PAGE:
Healthy eating is important to more and more people and, if that’s the case, you can find more info here. However, while keeping a clean yet inexpensive diet is quite possible, it requires some planning ahead like designing your shopping list and stopping yourself from buying more than you need.



The choice to make

Most people try to look good because it is ingrained in our nature and it fulfills a deep desire within us. Therefore, when it comes to food, we usually feel like we have two choices: eat foods that are inexpensive and save some money or eat foods that are healthy and watch our waistline.

As it stands, it does not seem possible that you could have both things, right? You can eat like a pauper and live like a king, or eat like a king and live like a pauper. However, the good news is that you don’t have to choose! With a little know-how, you can eat healthy on a budget.

Listen, we get it. Adulting is hard and most of us have a lot on our plates without also having to balance what we actually have on the plate. To make the most of your money without sacrificing most of your food pleasures, think of creating a three-step process: planning, purchasing, and preparing. 


Step 1: plan before you shop

Be mindful that you don’t skip this first step as it is very important. Every poor grocery-buying decision has always been made on an empty stomach by a shopper without a well-thought plan. Therefore, take a few minutes to do the following things before heading to the store:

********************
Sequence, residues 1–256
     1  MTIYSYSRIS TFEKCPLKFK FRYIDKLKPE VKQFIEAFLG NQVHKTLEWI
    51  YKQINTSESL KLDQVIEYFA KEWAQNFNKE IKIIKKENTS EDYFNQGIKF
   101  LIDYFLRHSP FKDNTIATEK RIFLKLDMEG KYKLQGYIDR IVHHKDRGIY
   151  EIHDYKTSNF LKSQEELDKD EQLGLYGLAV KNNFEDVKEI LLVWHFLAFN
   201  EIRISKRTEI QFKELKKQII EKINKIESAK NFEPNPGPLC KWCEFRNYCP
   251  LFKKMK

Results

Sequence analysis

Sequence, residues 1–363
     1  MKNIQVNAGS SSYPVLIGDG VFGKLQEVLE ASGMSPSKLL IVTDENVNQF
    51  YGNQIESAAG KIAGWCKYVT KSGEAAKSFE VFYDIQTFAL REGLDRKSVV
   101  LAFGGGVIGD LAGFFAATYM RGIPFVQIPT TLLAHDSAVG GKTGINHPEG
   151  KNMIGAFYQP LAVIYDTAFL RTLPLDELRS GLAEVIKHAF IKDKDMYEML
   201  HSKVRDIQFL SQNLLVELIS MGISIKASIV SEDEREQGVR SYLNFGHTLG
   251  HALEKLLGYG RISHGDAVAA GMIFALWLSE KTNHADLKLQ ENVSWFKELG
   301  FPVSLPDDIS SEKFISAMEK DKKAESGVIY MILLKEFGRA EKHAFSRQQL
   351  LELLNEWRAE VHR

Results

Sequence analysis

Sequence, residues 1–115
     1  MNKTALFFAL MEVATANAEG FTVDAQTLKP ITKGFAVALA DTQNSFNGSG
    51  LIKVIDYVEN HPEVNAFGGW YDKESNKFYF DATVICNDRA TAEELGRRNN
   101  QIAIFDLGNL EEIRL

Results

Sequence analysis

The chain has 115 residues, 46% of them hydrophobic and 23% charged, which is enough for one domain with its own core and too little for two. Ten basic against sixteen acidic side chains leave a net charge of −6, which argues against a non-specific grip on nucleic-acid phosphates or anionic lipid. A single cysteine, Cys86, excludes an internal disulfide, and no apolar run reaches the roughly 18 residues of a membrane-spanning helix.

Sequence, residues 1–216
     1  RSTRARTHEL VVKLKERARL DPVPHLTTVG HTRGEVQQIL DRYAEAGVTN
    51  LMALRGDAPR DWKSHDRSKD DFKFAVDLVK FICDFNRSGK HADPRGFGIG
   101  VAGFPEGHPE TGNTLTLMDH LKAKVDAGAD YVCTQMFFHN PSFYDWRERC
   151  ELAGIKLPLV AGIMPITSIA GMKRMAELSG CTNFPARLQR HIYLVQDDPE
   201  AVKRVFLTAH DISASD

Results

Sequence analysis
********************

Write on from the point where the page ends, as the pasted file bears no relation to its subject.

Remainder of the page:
Schedule your meals

If you want to save money on groceries, the key is to stop wandering the aisles aimlessly while grabbing items here and there and throwing them into the shopping cart. Instead, focus on getting your grocery priorities and schedule out your meals for the week ahead. Of course, you’ll spend a little more money, but you’ll be set when that afternoon craving hits.

Plan to buy what’s on your list and make sure to only get what’s there to cut down on waste and make sure you won’t want for anything in the week that lies ahead of you.

Consider your budget

The idea that we suggest is spending between 10% to 15% of your budget on food. You might probably wonder what that would look like. Well, let’s say you bring home $3,000 a month. What this means is that you’ll have to spend somewhere between $300 and $450 for groceries. 

To make this simple, if you spend $400 per month on food and you go to the grocery store about once a week, this means you will have an average of $100 for each trip.